Home Technology Bank of America’s Debt Exchange and PIIGS CDS Exposure

Bank of America’s Debt Exchange and PIIGS CDS Exposure

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By Todd Sullivan of Value Plays

I said it before and it bears repeating…. Brian Moynihan could get up out of his chair in Charlotte, WALK up the Atlantic ocean to NYC and the newspapers would write, “Brian Moynihan can’t swim..”, either that or they would say “Moynihan’s afraid to fly”…either way the central point is missed…

Brian Moynihan just has to get used to the fact nothing, and I mean NOTHING he does will be looked at as good. It is to bad because he is actually doing a very good job fixing the steaming pile of excrement Ken Lewis left him.

The latest is from the WSJ

So what’s behind the latest reversal? The rational for Bank of America’s common stock issuance and debt raising is sound: It plans to use the proceeds to redeem trust preferred securities, a form of subordinated debt, and preferred stock. This, as Bank of America noted in its latest quarterly filing, will reduce interest expense and dividends paid on preferred stock. In some cases, these payout rates are more than 8%.

Although Bank of America will pay a premium to redeem the instruments, it likely won’t pay par. That means the purchases should be accretive to earnings and book value. More importantly, the move will increase the bank’s common equity, while also retiring instruments that don’t help capital ratios under new regulatory rules.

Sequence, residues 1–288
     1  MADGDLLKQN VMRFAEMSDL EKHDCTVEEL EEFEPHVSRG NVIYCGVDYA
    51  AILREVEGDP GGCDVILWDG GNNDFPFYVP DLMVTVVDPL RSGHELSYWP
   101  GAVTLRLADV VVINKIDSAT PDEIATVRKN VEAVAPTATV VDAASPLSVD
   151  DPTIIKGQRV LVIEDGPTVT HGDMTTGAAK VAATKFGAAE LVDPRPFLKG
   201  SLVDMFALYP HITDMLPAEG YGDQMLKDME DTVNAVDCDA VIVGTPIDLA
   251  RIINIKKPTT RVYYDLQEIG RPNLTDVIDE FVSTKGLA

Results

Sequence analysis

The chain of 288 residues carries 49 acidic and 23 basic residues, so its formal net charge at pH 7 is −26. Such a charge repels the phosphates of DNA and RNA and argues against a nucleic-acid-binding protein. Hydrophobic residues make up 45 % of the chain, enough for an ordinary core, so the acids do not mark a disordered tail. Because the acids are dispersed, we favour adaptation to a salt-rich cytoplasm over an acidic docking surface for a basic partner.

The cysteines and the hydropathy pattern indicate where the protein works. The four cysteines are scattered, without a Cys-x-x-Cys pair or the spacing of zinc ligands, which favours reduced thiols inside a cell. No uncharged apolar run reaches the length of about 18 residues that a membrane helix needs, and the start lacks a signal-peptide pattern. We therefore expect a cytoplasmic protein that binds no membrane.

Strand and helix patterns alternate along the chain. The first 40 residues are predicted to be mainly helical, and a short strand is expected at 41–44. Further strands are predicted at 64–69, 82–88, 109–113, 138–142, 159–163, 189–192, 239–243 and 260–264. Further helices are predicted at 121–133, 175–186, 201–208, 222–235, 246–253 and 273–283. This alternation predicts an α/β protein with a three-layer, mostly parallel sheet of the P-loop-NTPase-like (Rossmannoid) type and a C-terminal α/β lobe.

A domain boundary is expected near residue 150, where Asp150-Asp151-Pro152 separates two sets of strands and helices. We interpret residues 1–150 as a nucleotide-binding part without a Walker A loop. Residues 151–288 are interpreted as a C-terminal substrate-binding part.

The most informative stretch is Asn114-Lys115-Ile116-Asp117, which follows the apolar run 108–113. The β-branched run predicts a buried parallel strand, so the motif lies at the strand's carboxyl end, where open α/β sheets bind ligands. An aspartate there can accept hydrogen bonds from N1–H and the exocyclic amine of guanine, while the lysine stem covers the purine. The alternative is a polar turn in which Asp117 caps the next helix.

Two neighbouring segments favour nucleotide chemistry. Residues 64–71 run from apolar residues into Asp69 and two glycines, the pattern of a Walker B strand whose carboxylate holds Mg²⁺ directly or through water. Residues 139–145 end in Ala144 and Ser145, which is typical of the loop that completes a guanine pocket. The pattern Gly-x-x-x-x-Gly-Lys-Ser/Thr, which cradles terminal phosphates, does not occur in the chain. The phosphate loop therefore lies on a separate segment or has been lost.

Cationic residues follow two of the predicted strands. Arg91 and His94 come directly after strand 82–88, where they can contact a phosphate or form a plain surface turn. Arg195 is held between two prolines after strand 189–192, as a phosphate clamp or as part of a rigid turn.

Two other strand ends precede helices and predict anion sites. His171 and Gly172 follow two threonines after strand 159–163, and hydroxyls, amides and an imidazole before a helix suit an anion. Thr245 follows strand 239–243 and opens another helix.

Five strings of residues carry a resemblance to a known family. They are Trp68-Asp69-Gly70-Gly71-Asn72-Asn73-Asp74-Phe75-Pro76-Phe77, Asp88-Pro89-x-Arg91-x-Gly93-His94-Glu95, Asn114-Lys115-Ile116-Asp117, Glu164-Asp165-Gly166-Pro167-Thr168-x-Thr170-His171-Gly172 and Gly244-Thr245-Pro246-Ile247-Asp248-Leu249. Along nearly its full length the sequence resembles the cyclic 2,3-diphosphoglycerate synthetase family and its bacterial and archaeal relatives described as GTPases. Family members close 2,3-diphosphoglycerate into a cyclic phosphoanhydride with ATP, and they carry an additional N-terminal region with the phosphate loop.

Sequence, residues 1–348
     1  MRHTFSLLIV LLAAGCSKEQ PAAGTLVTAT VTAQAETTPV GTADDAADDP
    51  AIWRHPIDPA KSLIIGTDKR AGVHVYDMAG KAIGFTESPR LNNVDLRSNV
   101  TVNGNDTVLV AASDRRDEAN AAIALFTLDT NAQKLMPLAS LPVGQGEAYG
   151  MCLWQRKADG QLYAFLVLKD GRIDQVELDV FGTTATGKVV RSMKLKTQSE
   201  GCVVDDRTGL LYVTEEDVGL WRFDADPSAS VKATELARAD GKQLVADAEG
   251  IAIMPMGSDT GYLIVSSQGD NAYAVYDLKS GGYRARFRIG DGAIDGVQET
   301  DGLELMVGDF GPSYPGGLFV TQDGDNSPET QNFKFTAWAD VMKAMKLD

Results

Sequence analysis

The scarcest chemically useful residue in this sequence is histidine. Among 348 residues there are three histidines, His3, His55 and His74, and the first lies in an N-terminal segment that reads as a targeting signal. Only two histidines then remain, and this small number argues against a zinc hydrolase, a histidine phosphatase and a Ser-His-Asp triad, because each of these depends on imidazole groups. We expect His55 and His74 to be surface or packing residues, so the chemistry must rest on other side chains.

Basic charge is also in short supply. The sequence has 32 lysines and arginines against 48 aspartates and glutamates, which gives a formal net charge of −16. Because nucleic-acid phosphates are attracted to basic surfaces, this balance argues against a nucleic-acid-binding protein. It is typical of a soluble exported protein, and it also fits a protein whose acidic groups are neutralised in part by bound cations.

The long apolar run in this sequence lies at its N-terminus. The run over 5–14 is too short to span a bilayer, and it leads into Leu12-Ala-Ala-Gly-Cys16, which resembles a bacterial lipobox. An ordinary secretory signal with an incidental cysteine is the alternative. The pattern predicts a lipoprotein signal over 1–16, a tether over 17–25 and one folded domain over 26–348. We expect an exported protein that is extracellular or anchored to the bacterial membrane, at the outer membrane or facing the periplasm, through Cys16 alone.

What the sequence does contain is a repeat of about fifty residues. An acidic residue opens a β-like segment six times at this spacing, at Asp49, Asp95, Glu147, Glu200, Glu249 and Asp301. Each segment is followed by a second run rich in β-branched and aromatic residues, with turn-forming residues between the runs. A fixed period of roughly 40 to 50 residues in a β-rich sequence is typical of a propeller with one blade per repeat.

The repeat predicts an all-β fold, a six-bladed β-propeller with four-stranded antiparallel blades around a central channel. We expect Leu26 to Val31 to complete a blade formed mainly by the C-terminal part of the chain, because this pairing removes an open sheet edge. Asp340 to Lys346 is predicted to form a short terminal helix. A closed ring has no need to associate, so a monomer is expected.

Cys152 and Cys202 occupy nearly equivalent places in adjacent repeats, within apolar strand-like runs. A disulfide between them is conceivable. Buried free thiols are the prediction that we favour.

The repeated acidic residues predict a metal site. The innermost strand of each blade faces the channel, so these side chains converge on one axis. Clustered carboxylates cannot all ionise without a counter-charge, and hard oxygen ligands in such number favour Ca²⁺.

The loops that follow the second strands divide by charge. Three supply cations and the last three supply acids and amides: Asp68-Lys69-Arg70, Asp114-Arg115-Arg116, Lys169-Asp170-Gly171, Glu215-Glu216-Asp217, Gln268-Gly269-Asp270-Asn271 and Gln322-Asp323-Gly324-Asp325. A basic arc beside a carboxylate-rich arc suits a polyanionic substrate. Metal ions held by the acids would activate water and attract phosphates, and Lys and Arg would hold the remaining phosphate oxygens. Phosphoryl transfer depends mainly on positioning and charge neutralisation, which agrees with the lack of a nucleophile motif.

Based on current prices, Bank of America could potentially raise as much as $2.7 billion from stock sales. The bank also said it would look to issue about $3 billion in senior debt to fund preferred purchases. The 400 million new shares would result in dilution of just under 4%. That’s not too painful, especially since the impact on earnings per share should be less due to the reduced interest and dividend costs.

Now, of course there is no mention that $WFC, & $JPM also scrapped plans for debit card fees. In fact, they were actually testing the plan and charging consumers, $BAC was not. In fact, $BAC was simply responding to what it looked like other competitors were going to do. But, hated as they are, they caught the most flack for it. Even the decision to not charge the fee is a negative. Get the logic? Not doing something people hate is now wrong…..